In response to last fall’s Government Accountability Office criticism of the weak internal controls it found at the Internal Revenue Service, the tax agency has admitted some faults and detailed plans to address them.
The GAO called on the IRS last November to fix a slew of problems related to the “serious internal control and financial management deficiencies” that it found at the government agency.
The problems ranged from various risks involved with maintaining taxpayer receipts, to lacking detailed listings to track unpaid tax assessments, to its inability to ensure that employee travel was authorized before employees could travel.
This May IRS commissioner Douglas H. Shulman penned eight pages of comments on the recommendations that the GAO made in the 2007 report, titled “Improvements Needed in IRS’s Internal Controls,” and covering IRS financial statements for 2006 and 2007.
Although Shulman notes that the IRS has already taken steps to improve many of the recommendations he writes that the agency is “committed to implementing appropriate improvements to ensure that the IRS maintains sound financial management practices.”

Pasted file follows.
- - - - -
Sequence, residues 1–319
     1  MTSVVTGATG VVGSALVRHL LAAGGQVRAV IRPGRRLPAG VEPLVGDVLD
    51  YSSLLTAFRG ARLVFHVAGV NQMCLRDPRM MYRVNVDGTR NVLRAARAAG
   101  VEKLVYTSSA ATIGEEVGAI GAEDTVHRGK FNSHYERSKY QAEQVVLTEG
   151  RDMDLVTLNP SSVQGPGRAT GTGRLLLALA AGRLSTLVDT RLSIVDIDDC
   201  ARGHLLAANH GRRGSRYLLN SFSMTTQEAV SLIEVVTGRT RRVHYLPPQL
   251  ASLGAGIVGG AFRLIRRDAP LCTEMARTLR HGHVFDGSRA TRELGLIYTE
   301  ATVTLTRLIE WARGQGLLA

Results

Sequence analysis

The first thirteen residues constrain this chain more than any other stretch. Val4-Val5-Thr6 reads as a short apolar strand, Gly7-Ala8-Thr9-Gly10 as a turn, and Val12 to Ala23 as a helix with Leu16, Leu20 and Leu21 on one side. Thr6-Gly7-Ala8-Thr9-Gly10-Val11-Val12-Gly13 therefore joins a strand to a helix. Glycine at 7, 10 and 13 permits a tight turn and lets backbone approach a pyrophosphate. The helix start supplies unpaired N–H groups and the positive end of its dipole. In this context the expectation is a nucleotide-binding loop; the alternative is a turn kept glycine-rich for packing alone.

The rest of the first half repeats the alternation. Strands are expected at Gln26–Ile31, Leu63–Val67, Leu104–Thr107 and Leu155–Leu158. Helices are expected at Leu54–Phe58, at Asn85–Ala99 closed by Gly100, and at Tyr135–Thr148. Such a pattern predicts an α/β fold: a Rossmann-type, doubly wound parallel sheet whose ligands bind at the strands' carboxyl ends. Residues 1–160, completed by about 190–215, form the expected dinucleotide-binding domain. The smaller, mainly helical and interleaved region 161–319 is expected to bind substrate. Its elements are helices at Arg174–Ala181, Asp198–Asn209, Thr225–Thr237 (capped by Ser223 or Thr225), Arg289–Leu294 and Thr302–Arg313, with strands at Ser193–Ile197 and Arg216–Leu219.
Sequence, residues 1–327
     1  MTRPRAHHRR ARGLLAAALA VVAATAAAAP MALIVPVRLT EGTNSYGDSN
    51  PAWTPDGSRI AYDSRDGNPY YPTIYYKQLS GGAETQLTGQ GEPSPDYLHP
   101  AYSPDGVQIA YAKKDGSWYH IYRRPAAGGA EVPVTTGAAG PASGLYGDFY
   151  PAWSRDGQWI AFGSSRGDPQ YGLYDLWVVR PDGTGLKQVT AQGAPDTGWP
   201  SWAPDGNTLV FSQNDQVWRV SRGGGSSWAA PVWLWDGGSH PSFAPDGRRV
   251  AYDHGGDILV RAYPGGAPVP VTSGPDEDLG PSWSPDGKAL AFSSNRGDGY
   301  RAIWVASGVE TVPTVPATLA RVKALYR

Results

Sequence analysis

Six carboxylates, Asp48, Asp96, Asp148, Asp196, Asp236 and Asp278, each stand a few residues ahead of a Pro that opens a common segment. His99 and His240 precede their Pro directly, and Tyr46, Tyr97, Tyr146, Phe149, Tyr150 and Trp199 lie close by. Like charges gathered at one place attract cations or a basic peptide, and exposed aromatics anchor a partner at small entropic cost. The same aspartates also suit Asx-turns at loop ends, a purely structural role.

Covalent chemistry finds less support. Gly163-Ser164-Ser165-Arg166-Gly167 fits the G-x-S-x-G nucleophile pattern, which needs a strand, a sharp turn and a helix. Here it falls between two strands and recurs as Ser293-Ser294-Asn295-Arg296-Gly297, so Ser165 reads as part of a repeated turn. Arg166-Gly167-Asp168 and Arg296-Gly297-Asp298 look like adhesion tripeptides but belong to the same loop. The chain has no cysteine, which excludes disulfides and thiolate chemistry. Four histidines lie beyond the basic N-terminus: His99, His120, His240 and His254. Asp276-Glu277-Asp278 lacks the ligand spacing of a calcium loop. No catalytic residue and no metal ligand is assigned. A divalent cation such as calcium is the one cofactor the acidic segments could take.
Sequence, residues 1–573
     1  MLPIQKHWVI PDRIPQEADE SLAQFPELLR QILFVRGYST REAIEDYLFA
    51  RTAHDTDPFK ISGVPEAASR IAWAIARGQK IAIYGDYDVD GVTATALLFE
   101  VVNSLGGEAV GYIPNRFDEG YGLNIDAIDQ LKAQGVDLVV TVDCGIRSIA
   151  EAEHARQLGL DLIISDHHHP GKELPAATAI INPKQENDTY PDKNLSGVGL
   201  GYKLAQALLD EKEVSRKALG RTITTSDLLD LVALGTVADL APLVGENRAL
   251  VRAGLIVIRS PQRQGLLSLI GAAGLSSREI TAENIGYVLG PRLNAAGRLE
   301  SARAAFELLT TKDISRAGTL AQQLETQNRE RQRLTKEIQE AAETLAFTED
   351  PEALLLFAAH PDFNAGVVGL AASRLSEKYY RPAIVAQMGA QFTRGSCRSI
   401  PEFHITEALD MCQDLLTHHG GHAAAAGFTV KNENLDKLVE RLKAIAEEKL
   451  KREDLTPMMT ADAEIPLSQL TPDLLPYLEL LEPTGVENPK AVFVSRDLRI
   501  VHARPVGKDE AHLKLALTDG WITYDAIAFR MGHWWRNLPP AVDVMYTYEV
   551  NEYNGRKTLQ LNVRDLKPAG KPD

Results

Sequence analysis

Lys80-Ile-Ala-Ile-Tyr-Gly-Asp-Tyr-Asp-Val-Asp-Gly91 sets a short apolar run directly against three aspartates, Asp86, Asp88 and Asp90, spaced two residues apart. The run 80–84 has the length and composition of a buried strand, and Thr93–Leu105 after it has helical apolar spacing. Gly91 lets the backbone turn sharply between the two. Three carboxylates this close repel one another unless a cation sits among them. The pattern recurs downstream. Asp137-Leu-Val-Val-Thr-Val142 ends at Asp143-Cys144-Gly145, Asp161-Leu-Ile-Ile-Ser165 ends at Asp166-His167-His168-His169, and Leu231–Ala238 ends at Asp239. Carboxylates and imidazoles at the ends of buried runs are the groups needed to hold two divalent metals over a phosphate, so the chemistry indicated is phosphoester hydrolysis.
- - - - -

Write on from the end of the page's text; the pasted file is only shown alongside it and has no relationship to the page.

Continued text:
Among the weaknesses that IRS confessed to was the improper maintenance of tax payer receipts and receipts for transactions, such as tax exempt and government entity fee collection. The IRS said in the latest report that it has already started to review the proper procedures for tracking such receipts with appropriate managers.
Other steps that IRS said it had already taken were measures to stop its employees from unauthorized travel. The agency changed its travel booking system to prohibit employees from making reservations in its online booking tool unless the travel has been authorized.
IRS also said that it plans to adhere to the GAO’s recommendations on hiring juveniles, conducting proper background checks, and documenting manager reviews at its off-site taxpayer assistance centers.
The GAO said that it will evaluate the effectiveness of the each of IRS’s corrective plans, and would publish the results of that evaluation in its next IRS audit.